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  • The Eloquence of Blood in Eliza Haywood’s Lasselia
  • David Oakleaf* (bio)

A lot is written in blood. We have “blood relatives.” We may call a friend “hot-blooded” or know someone with music or theater “in her blood.” Someone might still remark that “blood will out.” Now hardly recognized as dead metaphors, such expressions reveal that blood once embodied, quite literally, people’s most complex experience. Since the porous humoral body scarcely contained its precious fluids, the slightest discharge of blood was portentous, 1 and beliefs we dismiss as folklore were widely credited. On the morning after he hid from Roundheads in a pollarded oak tree, for example, Charles II frightened his otherwise dauntless protectors simply by bleeding: “Soon after His Majesty coming down into the Parlor, his nose fell a bleeding, which put his poor faithful servants into a great fright.” 2 Of course Charles lived to regain his throne, but his friends’ alarm at this omen of death reveals how fraught with meaning blood could be. More was at stake than an individual’s life. Charles’s protectors acted out of loyalty to his blood itself, the Stuart blood that entitled him to the throne of England. Devotion to the lineage carried in that frail vessel intensified their generic fear for a life. As Gail Kern Paster observes, “blood in early modern England was a discursive site of multiple, competing, even self-contradictory meanings and the relationship between blood and the individual body containing it was no less ideological than physiological. In one’s blood were carried the decisive attributes of one’s cultural identity.” 3 Blood included one’s life and one’s lineage, the accompanying social codes or their significant lack, even one’s lust. In what follows, I explore a few of these meanings, and the tensions between them, by considering the alarm or embarrassment that nosebleeds provoke in a variety of texts. I then suggest that in Lasselia; or, The Self-Abandon’d: A Novel (1723), a little-studied [End Page 483] ironic tale written seven decades and several succession crises after Charles’s flight, Eliza Haywood mounts a skeptical and shrewdly gendered scrutiny of the imperatives her culture writes in blood.

Blood traditionally encodes what Michael McKeon calls “the genealogical prescriptions of blood.” 4 The king embodies definitively but not exclusively the principles of patrilineage and inheritance that structure his society. Those who share the same blood constitute a lineage that inherits an estate, wields a corresponding social authority, and defends its honor through duels; that is, through the ritualized shedding of blood. 5 To conserve their noble or gentle blood, they chasten the impulsive body and police the sexual alliances that channel it to the next generation. Their blood’s ominous discharge signals danger to their lineage. Rosader’s nose bleeds in Thomas Lodge’s Rosalynde (1590) even before he knows that the man watched by a crouching lion is his brother. “[I]f his nose bleede,” writes Thomas Nashe in The Terrors of the Night (1594), “some of his kinsfolkes is dead.” After staining her brother’s “face and linen with some drops of blood that fell from [her] nose,” Elonora in Mary Delarivière Manley’s New Atalantis (1709) reflects, “I think this accident has (by a prevailing weakness) in all ages, and in all countries, been accounted ominous.” 6 In the event, her blood foreshadows her brother’s imminent death in a duel over the threat her body poses to his family’s honor. Its kinship written in its blood, the aristocratic or gentle body is a vulnerable link in a valuable lineage.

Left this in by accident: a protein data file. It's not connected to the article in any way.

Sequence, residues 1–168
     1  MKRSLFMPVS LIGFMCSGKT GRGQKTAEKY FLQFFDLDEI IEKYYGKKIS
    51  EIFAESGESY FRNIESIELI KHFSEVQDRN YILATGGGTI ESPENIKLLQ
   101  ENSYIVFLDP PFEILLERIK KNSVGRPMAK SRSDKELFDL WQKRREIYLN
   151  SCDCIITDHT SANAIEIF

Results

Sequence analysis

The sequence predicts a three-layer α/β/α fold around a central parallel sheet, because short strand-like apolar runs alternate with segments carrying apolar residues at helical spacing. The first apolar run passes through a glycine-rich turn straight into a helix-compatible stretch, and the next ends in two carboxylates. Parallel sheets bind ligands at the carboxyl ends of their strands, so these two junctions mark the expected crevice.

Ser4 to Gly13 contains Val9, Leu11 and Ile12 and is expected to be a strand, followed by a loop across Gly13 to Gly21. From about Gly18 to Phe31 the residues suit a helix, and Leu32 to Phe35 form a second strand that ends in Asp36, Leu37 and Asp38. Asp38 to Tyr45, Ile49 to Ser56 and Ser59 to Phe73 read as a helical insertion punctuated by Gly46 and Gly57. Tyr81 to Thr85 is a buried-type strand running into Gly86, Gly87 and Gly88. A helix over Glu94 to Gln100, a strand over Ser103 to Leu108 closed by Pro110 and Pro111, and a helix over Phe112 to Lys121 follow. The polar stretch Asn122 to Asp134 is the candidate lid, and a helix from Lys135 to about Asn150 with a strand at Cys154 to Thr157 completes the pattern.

The discharge of patrician blood especially portends danger when a cherished lineage is confined to that proverbially leaky vessel, a female body. Parsimoniously rationed to a few drops, it forebodes the heroine’s doom from The Duchess of Malfi to The X-Files. 7 Late in Charles II’s reign, for example, the female line forms the only alternative to James (legitimate blood royal but an illegitimate religion) or the duke of Monmouth (illegitimate blood royal but the legitimate religion). When John Banks confronts the ensuing dynastic anxieties, portents warn doomed queens. As death nears...

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pp. 483-498
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